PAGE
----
It’s a good thing LoveHKFilm.com never implemented a ratings system because I don’t know how I could even begin to rate House, a cult classic from Japan that’s so bonkers that you’re not ever sure whether you’re supposed to scream or to laugh at what’s occurring onscreen. The film’s unsettling tonality is, of course, by design, and if you can get into the imaginative spirit of the film, you might find House to be a fun, peculiarly rewarding film experience.
The film, sometimes called Hausu (perhaps to preserve a sense of “Japaneseness” and distinguish it from the 1984 horror film starring William Katt), comes from the demented mind of director Nobuhiko Obayashi or, to be more accurate, his preteen daughter, Chigumi. Motivated by the success of Steven Spielberg’s Jaws, the suits at Toho asked Obayashi to develop House. Drawing upon both the childhood fears and fantasies of his young daughter, Obayashi worked with screenwriter Chiho Katsura to develop a script. Although the events depicted in the film may lead you to believe that Obayashi and company were just making things up as they went along, a closer look suggests that there may just be a method to the director’s madness, as even the most seemingly incomprehensible events accord to a kind of dream logic that open the film up to, at the very least, a psychoanalytic interpretation.
House centers on – as many horror films tend to – a group of teenagers, mostly portrayed by amateur actors. These seven very different girls all go by nicknames that reflect dominant character types: Gorgeous (Kimiko Ikegami), Melody (Eriko Tanaka), Fantasy (Kumiko Oba), Prof (Ai Matsubara), Sweet (Masayo Miyako), Kung Fu (Miki Jinbo) and the supposedly overweight Mac (Mieko Sato), who gets her nickname from her purported love of McDonald’s. Gorgeous, the de facto leader of the group, had planned to spend her summer vacation on a trip with her father (Saho Sasazawa), a famous film composer. Her father, however, springs some shocking news on his daughter – he has a new wife, Ryoko Ema (Haruko Wanibuchi), and she’s coming along to crash their father-daughter vacation.
Angry at her father, Gorgeous begins thinking about her deceased mother, soon recalling a forgotten auntie (Yoko Minamida) who has lived alone since her husband died during World War II. When their travel plans also fall through, the other six girls decide to accompany Gorgeous as she travels to her aunt’s remote home located somewhere in the Japanese countryside.
Gorgeous and her aunt haven’t seen much of each other in a very long while, but they both seem eager to reconnect. Still, things are a little weird at Auntie’s house. As a gift, the girls present Gorgeous’ aunt with a watermelon, which she keeps in a well as an old-fashioned way to keep the thing refrigerated. However, when Mac later goes to retrieve the watermelon, she gets more than she bargained for, as does Fantasy when she tries to find her now-missing friend.
Meanwhile, Auntie has gone from a weak old spinster confined to a wheelchair to a vibrant, physically capable woman in a very short period of time. Could her improved condition have anything to do with the fact that the girls are starting to go missing? And if Auntie herself isn’t creepy enough, there’s a dancing skeleton and man-eating furniture to contend with, not to mention a piano from hell and a demonic green-eyed cat you won’t soon forget. With the teens quickly becoming cannon fodder, it seems like Gorgeous may be the only one who can save the day – but will she?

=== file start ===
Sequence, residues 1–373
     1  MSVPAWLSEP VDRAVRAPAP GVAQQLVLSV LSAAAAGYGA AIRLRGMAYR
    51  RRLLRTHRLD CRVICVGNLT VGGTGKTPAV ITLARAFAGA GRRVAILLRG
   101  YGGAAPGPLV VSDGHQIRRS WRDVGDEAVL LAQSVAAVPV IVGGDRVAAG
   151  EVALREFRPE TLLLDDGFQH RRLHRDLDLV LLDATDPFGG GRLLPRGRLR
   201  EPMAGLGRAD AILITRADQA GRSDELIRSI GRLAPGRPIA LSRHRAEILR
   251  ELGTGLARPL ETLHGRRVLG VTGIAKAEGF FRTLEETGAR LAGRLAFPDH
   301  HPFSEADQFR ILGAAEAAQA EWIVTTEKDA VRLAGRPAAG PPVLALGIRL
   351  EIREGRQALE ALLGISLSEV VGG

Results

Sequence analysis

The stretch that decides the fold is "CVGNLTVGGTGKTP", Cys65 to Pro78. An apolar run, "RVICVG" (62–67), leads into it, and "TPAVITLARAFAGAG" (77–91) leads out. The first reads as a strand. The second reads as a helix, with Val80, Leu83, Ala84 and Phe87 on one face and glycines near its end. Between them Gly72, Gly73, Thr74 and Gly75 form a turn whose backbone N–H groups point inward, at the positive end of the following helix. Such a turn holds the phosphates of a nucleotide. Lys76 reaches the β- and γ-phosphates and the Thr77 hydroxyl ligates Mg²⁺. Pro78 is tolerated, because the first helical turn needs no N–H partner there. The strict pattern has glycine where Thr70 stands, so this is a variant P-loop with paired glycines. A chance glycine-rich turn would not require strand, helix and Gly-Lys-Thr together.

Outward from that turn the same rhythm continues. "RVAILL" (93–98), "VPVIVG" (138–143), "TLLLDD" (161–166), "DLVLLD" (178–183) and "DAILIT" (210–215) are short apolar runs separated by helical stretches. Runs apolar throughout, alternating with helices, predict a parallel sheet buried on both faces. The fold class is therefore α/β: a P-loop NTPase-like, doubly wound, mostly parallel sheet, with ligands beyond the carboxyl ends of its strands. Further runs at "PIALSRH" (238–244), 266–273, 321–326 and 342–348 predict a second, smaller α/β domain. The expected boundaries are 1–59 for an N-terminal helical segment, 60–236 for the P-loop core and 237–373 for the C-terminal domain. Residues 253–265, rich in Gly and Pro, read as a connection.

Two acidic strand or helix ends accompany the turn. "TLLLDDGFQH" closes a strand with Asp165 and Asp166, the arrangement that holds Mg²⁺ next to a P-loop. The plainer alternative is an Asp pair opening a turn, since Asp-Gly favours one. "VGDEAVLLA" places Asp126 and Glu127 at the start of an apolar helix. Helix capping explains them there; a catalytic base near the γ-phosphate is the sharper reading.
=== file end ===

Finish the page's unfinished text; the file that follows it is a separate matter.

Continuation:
In the above basic plot summary, I have tried my best to remain reticent about the finer details of House, so you can experience the madcap lunacy for yourself. The film is practically all over the place from a visual, tonal and cinematic standpoint, as it pulls out every trick in the editing and visual effects book, completely unconcerned whether or not they appear fake or cheesy to the viewer. The film maintains a vibrant, often surreal color palette that is complemented by the highly artificial sets and background paintings.
As one might expect from this description, the film’s tone and style may give you a bad case of whiplash as it careens from the silly humor of a teen movie to over-the-top gore of a horror movie to titillating scenes of nudity best left to an exploitation picture. Similarly, the film’s pacing seems to have been designed to match the attention span of a child, not to mention the logic of a game of pretend. Combine that with Obayashi’s tendency to luxuriate on a long, overly stylized scene to the point of corniness, and you have a film that feels a lot like a Nyquil-induced fever dream.
To be clear, this cult film won’t be everyone’s cup of tea, possibly garnering reactions ranging from outright irritation to resigned ambivalence. But despite the film’s cheesy “WTF?” moments, there’s something oddly endearing about the deranged way the film goes about its business. In stark contrast to other Japanese directors who’ve tried similar experiments, House never feels stuffy or pretentious in its avant-gardism. Perhaps that’s why House was a box office hit in Japan, as it appealed to the masses despite receiving a critical drubbing from the press.
Whatever the case, House really amounts to an “everything but the kitchen sink” type of movie, where Obayashi lays bare his influences (Italian giallo, Bugs Bunny cartoons, children’s fables, B-movies, et al), throws them in a blender and tosses them all onscreen to see what’ll stick. And as much as I’m inclined to say that the film amounts to an enjoyable, if ultimately incomprehensible experience, the truth is that Obayashi gives you enough information within the narrative to open the film up to intelligent conversation and interpretation about just what happened and why. Although by no means a crowd pleaser in the contemporary sense of the term, House is the right kind of nutty fun for an authentic midnight movie experience. (Calvin McMillin, 2011)